“Driver, might I possibly utilize your phone? To place a call to mine?”

Hmm. Not too sure I wanna hand over my phone. I ask Kurtz for his number and try calling his phone for him, as we drive aimlessly up Leavenworth through the seedy Tenderloin.

“Doo… Doo… Doo… The number you have reached… (blah, blah, blah.)”

I get some generic “out of service” recording on the first ring, two attempts in a row.


“Well. That is indeed a shame. Maybe I could get a massage… No. I do not need one. I do feel alright.”


“Driver. Let me give you twenty dollars. And you should be aware that I tip well.”

The Colonel digs through his shorts pockets and turns both of them out before finding a wad of loose crumpled up cash. He retrieves a twenty from the mass and carefully smooths it out upon his lap. Then, Kurtz snaps the bill in the air with two crisp “CRACK!“s, before laying it down slowly and mindfully out flat on the center arm rest of my Prius. Kurtz then smooths the bill out some more.

Hmm. What is this?

A down payment?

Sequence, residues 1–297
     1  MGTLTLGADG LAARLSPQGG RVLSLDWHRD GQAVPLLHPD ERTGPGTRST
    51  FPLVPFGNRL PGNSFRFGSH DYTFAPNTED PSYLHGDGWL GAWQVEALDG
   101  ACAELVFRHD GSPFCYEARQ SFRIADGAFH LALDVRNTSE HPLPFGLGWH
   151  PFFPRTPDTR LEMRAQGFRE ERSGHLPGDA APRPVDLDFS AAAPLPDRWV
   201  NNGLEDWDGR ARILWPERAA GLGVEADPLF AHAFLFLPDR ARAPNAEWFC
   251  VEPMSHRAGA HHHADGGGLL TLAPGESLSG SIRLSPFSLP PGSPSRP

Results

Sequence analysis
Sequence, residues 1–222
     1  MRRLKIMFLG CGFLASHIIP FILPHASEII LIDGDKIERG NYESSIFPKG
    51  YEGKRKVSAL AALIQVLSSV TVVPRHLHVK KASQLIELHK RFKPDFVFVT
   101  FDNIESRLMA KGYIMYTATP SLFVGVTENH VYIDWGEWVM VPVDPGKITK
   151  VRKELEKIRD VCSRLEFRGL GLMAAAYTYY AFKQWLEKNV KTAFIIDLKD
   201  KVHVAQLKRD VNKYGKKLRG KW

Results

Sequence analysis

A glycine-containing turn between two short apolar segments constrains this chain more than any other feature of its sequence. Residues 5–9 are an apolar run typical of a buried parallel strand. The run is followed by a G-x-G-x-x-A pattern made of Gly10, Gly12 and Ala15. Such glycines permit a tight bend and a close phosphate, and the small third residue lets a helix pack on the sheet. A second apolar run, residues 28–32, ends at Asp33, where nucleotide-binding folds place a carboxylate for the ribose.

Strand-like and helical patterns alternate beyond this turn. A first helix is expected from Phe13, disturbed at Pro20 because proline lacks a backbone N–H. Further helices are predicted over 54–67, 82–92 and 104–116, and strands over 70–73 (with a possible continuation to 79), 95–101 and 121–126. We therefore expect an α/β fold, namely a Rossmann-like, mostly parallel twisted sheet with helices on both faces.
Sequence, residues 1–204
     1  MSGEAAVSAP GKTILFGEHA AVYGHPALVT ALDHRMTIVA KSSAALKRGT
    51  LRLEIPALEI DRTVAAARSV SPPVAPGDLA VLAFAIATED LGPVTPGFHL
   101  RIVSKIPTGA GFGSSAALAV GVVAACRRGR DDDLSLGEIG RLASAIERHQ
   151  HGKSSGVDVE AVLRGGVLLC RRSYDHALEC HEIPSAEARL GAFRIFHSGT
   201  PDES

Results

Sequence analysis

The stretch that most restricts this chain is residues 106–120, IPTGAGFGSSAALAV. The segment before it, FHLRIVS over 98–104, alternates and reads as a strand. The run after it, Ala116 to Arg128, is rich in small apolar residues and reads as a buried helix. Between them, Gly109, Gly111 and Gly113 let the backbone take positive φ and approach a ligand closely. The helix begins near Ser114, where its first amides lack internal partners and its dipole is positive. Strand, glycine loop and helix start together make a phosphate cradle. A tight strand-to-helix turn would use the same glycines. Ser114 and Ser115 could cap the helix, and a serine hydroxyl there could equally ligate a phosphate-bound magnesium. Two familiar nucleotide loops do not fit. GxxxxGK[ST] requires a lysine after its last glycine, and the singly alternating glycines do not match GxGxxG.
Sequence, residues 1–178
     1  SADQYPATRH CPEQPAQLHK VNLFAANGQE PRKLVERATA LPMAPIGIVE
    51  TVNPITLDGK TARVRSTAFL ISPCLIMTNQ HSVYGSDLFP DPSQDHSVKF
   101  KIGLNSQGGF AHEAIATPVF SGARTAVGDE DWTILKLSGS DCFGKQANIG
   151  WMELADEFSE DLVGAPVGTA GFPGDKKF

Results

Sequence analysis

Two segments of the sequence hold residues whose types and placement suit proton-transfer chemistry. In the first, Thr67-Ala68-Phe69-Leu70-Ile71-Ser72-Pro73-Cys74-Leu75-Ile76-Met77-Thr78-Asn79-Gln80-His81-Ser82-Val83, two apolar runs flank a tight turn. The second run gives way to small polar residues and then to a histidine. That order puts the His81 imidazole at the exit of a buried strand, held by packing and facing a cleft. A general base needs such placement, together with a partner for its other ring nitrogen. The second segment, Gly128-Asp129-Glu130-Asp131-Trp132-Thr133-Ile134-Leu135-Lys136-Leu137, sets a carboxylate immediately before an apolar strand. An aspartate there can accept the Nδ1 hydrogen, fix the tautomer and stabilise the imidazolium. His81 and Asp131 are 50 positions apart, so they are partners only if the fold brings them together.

Well, I guess this depends on how long this goes on! I’m still waiting for a DESTINATION!

(Damn. What Rose (cab school teacher) Commandment was this?)

Anyway, the meter’s only at $6.80 right now.

“Oh, thanks,” I dryly offer Kurtz.

I put the twenty on the shotgun seat, at the ready to make change if necessary. At least I’m getting paid, I guess.


“Uh, so where would you have gone? If DeSoto had waited for you?”

The Colonel thinks…

“I do not know, driver. Let me work that out…”

(One would think I had asked the good Colonel the exact value of pi.)

“I could possibly get a massage. I do not really have need of a massage, though. I do feel alright. However, I would very much like to pass that feeling on to others… to spread God’s good news. You do not listen to Live 105, driver? Those guys are quite witty. God’s love and light truly guides them.”

“Uh, not really. I listen to NPR, and 107.7 – The Bone, sometimes. So, where do ya think we should head to?”

(Come on, Kurtz. Focus… FOCUS!)

“Uh, let me just get my bearings…”


“I guess we should continue driving up the hill.”

We continue on up Lev, nearing California on Cathedral Hill.

Then, praise the Lord! The Colonel directs,

“How about… Kearny.”